Award winning Doctor Who show runner Russel T Davies and Dangerous Liaisons director Stephen Frears have lured Hugh Grant back to the television screen for a three-part political drama.

In A Very English Scandal, Hugh Grant is playing the disgraced MP Jeremy Thorpe, who in 1979 was tried but acquitted of conspiring to murder his ex-lover Norman Scott.

During Jon Pertwee’s tenure as the Third Doctor there is a scene where the Brigadier has a phone conversation with a Prime Minister called “Jeremy”. It’s one of those moments where the show taps on the shoulder of contemporary events because there was a feeling in the air that Seventies Britain would stick two fingers up to the Conservatives and Labour and we would see the first Liberal government since the First World War. 

It didn’t turn out that way. We got a minority Labour government with winters of discontent. But if “Jeremy” had been elected we might have been treated to the prospect of a Prime Minister in the dock. The real life Jeremy was compromised by the events that underscore Davies and Frears new drama.


Jeremy Thorpe was considered a serious contender for the office of Prime Minister.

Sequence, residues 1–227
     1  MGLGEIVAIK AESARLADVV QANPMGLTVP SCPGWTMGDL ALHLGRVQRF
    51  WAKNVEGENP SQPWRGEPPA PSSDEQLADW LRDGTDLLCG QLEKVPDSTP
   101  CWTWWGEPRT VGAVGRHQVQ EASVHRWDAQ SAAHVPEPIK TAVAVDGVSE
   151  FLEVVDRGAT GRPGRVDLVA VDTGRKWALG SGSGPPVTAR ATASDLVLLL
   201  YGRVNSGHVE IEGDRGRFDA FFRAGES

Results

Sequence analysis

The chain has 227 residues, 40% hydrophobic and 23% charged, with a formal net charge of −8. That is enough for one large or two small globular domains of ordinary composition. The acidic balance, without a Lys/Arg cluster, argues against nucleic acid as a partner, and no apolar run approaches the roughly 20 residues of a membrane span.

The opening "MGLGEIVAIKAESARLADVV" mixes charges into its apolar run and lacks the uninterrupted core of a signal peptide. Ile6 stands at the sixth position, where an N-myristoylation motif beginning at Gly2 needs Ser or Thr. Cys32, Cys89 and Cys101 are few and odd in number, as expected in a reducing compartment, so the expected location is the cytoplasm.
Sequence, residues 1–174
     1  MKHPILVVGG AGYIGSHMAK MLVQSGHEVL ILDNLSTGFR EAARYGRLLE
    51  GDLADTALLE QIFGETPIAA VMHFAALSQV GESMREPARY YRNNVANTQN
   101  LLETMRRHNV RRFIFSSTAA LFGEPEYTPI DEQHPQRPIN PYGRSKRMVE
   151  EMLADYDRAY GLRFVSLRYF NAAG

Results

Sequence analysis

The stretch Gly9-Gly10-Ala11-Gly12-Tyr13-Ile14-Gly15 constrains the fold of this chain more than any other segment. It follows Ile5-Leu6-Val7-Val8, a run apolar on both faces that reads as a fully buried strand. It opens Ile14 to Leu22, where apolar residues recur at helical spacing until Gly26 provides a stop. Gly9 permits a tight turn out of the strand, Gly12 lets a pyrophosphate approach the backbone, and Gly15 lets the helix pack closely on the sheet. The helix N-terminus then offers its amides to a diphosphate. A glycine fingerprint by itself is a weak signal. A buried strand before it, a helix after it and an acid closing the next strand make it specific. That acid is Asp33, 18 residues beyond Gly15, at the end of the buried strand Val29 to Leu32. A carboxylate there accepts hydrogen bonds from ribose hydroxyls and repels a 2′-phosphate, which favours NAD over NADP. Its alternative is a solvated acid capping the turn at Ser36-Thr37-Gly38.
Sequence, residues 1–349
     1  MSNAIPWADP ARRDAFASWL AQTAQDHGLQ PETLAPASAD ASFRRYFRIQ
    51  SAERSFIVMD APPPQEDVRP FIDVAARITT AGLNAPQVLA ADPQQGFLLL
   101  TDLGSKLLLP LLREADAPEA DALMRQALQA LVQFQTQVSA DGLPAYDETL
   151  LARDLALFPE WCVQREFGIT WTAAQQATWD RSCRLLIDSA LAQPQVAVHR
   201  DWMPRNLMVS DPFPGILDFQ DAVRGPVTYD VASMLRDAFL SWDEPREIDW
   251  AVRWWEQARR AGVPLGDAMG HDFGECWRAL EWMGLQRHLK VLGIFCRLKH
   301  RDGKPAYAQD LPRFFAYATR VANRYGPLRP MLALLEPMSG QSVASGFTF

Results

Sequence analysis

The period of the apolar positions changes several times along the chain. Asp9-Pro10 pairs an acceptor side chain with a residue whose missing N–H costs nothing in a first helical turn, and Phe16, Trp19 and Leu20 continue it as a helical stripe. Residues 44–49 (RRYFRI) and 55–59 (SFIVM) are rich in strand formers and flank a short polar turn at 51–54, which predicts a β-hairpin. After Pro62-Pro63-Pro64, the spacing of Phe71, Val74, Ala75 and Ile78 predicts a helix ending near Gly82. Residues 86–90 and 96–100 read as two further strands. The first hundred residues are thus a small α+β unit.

On his road to becoming leader of the Liberal Party, Thorpe built a reputation as an internationalist, a supporter of human rights, and an opponent of racism. All swept away when he failed to explain himself in court. He suffered from Parkinson’s Disease before his death in 2014.


A Very English Scandal is based on the bestselling book by the author and former Arts Editor of the Evening Standard and Sunday Telegraph John Preston.

The drama was commissioned by another Doctor Who veteran, Piers Wenger, Controller of BBC Drama, and Charlotte Moore, Director of BBC Content.

A Very English Scandal is the shocking true story of the first British politician to stand trial for conspiracy and incitement to murder. It is the late 1960s, homosexuality has only just been decriminalised, and Jeremy Thorpe, the leader of the Liberal party and the youngest leader of any British political party in a hundred years, has a secret he’s desperate to hide. As long as his ex-lover Norman Scott is around, Thorpe’s brilliant career is at risk. Thorpe schemes and deceives - until he can see only one way to silence Scott for good. The trial of Jeremy Thorpe changed society forever, illuminating the darkest secrets of the Establishment. The Thorpe affair revealed such breath-taking deceit and corruption that, at the time, hardly anyone dared believe it could be true.


Grant is best known for his own scandal along with roles in Four Weddings and a Funeral, Notting Hill, Bridget Jones’s Diary and About A Boy. He recently starred in the critically-acclaimed Florence Foster Jenkins (directed by Stephen Frears) for which he earned Golden Globe, Bafta and Screen Actors Guild nominations.